A 23-year-old Gomea man has become the first person in St. Vincent and the Grenadines to be successfully prosecuted under the country’s cybercrime law, which was passed amidst controversy in 2016.
On Tuesday, at the Calliaqua Magistrate’s Court, Kervin Hunt, a labourer, was fined for leaking nude photos of his ex-girlfriend, an 18-year-old nursing student to a WhatsApp group of her classmates.
He pleaded guilty to a charge of violation of privacy, namely that he intentionally and without lawful excuse transmitted through a computer system the image and videos of the private areas of the 18-year-old student without her consent, contrary to the Cybercrime Act.
The facts of the case are that Hunt and the nursing student were in a relationship, which ended in January.
The complainant went to Hunt’s residence to collect her clothes and he took her phone, an iPhone 11, from her and kept it in his possession for two weeks.
During that time, Hunt forwarded nude photos of the complainant from the device to the complainant’s class chat.
For that offence, the magistrate, Zoila Ellis-Browne ordered Hunt to pay a fine of EC$1,000 in one month or spend three months in prison.
Hunt was also charged with damaging one iPhone 11, valued at US$499.99 and one HP laptop, valued at US$299.99.
He was ordered to compensate the complainant in the sum of EC$500 by Feb. 15 or spend three months in prison.
If he fails to pay the sums, the sentences will run concurrently.
Hunt faced a maximum penalty of EC$100,000 or to imprisonment for two years or both.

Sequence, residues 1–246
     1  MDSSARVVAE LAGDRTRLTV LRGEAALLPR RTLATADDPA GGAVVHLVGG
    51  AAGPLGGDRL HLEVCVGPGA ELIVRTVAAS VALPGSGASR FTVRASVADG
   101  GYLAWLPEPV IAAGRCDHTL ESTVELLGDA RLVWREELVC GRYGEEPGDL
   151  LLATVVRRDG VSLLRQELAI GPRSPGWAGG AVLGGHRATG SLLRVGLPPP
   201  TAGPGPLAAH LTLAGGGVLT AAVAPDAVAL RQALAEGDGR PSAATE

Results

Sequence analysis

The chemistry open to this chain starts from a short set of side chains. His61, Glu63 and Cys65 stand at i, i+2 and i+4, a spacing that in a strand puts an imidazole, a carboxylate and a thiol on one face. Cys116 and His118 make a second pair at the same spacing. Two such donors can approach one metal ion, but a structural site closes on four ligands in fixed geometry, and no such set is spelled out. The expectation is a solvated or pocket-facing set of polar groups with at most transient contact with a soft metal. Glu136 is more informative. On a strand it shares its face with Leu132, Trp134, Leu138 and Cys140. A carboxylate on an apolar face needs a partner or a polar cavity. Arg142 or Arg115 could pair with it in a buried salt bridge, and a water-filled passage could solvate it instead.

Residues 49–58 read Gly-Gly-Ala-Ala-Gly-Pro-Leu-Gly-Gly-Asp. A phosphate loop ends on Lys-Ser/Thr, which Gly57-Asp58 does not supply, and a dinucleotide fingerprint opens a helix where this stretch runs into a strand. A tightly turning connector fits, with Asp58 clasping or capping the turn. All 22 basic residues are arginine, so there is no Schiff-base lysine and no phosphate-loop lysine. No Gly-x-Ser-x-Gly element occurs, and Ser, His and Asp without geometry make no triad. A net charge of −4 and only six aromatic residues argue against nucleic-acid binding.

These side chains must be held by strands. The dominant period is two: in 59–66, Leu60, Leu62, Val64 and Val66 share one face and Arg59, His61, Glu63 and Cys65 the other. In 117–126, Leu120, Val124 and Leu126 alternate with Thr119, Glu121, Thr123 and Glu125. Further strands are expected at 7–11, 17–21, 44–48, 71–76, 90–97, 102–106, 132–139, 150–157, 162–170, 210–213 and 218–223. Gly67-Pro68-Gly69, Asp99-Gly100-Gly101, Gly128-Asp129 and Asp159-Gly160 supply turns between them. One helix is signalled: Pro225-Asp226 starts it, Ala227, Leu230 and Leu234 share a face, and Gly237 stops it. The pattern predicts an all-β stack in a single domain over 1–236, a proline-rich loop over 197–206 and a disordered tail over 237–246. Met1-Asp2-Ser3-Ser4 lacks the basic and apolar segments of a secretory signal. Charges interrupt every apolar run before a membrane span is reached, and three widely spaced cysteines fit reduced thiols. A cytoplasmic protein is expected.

If the matter appeared before the High Court, he could have faced a fine of EC$250,000 or imprisonment for five years or both.
In February 2018, Catisha Pierre-Jack, of Lower Questelles, became the first person to be charged under the Cybercrime Act, when prosecutors brought a charge of libel by electronic communication against her.
Pierre-Jack initially pleaded guilty but later changed her plea to not guilty after securing legal counsel.
Then, in September 2018, the prosecution withdrew the matter after defence counsel Kay Bacchus-Baptiste told the court that the complainant, Pierre-Jack’s sister, Crystal Pierre had “recused herself from the matter” and had written a letter to the court saying that she had no intention of proceeding with the matter.
“She apologised … in her own handwriting,” Bacchus-Baptiste said.
If convicted, Pierre-Jack would have faced a penalty of up to EC$50,000 or two years imprisonment.
The cybercrime law was passed in 2016 amidst local, regional and international outcry.